If they put a bò tái chanh stand at either end of the Golden Gate Bridge, you would never again have to hear or think about the words suicide barrier in connection with the span. I'm convinced of that.
1007 Clay, Oakl. (510) 763-8495, www.lecheval.com 
I'm also, of course, a clown. The first time I ate at Penny's Caribbean Cafe in Berkeley, I was moved to go out to the van and get my steel drum and come back in and serenade the chef and the server and the proprietor, in fact the only person in the place, Penny.
Since then I have been back at least 30 times with at least 30 different people. My mission: to single-handedly or double-handedly or in any case greasy-handedly keep this place in business. Because I'm afraid it's too good to be true, like those dreams in which your dearly departed loved ones are alive again, in the yard, pecking corn and laying eggs.
I'll say it: curry goat roti ($8) is my favorite favorite thing to eat, and Penny's is my favorite favorite restaurant. And Penny is one of those rare people, like Fran of the late Ann's Cafe, whom I love even beyond her capacity to cook. If bò tái chanh literally did contain all the most fun pieces of the universe, Penny might be the universe itself. I just want to hug her, to disappear into her floury apron and kitchen smells, then decide for myself whether or not to come back.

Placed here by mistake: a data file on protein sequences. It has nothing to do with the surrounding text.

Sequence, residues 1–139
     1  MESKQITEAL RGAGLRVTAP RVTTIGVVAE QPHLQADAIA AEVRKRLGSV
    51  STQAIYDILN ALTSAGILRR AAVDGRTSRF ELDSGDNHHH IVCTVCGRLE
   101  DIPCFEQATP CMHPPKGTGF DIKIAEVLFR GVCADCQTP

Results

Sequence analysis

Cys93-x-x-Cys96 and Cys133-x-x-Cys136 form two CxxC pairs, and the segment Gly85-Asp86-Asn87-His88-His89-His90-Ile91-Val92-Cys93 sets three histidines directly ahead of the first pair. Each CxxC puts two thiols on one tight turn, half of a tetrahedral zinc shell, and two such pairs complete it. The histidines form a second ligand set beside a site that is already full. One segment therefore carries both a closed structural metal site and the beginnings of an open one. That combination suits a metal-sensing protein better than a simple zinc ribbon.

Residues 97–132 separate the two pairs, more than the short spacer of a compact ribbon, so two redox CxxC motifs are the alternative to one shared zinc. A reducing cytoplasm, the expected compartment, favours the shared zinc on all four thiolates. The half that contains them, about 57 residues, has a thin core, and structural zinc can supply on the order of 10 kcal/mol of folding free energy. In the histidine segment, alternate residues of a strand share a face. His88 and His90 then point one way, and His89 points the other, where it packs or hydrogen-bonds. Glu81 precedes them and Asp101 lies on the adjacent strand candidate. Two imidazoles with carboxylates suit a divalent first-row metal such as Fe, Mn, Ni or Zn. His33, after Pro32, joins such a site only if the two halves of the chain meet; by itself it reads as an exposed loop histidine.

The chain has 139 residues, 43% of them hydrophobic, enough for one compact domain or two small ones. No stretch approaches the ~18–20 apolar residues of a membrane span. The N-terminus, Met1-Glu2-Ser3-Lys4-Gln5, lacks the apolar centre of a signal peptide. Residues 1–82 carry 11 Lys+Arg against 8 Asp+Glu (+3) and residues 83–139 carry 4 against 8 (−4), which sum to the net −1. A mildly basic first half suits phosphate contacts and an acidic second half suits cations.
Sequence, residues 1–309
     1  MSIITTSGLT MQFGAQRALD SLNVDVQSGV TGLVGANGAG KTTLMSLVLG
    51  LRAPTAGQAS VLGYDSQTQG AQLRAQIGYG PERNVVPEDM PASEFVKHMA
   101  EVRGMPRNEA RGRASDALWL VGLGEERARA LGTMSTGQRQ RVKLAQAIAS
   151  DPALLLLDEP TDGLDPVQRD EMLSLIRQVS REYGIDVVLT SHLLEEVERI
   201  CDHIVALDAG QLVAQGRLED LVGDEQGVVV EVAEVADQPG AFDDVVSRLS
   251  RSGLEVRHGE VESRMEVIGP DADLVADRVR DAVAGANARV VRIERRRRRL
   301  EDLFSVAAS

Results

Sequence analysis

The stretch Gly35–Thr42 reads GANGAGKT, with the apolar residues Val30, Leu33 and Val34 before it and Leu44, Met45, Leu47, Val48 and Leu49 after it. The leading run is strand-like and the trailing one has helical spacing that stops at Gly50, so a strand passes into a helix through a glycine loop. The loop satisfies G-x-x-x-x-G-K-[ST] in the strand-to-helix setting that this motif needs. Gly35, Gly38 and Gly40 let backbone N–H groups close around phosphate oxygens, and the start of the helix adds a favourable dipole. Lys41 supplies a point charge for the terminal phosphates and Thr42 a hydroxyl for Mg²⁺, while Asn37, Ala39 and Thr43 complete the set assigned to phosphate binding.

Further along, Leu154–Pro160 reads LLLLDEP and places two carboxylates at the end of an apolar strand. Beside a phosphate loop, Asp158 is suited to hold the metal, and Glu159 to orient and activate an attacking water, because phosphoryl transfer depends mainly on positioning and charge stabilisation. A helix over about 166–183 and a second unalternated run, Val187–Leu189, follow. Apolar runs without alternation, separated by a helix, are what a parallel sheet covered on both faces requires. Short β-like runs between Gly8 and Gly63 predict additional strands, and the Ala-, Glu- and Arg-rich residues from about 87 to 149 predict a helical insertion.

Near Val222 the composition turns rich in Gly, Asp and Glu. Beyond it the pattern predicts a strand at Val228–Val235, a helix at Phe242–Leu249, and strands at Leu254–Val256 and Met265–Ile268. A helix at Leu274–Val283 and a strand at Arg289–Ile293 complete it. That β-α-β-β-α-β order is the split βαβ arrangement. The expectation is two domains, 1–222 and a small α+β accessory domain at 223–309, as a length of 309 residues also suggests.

Know what I mean?
Then maybe you should give this place a try. It's a dive, in the divine sense: it has two or three tables, and it's not always exactly all the way clean, or quick (she makes everything to order). Neither efficient nor organized, Penny's is not a well-oiled machine. But you will be after your roti, which you eat with your hands, like Ethiopian food.